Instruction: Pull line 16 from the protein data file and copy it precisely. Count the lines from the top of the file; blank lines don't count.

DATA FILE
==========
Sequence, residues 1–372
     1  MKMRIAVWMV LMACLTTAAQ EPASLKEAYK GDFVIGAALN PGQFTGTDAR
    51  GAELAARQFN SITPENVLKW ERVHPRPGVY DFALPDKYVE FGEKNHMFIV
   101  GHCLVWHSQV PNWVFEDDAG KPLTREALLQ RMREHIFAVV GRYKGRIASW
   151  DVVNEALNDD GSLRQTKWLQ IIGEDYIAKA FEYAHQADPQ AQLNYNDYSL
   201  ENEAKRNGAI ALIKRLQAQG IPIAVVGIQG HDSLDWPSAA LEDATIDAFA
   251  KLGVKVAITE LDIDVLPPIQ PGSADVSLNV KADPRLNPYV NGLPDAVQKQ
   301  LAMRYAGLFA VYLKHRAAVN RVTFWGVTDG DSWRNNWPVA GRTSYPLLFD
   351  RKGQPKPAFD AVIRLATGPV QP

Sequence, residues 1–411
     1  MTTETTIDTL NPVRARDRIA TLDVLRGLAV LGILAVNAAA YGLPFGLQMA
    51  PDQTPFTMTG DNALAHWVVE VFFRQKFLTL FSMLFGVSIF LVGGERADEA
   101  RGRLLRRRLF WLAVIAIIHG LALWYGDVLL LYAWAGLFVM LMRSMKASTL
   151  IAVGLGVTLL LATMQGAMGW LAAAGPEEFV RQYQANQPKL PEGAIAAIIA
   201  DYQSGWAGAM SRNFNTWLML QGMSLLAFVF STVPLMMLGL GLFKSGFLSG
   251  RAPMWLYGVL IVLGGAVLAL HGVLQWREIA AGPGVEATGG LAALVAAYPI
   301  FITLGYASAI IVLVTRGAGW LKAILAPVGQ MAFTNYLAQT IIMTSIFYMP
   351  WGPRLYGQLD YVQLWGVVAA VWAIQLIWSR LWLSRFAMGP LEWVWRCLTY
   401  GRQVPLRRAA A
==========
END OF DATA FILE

   251  RAPMWLYGVL IVLGGAVLAL HGVLQWREIA AGPGVEATGG LAALVAAYPI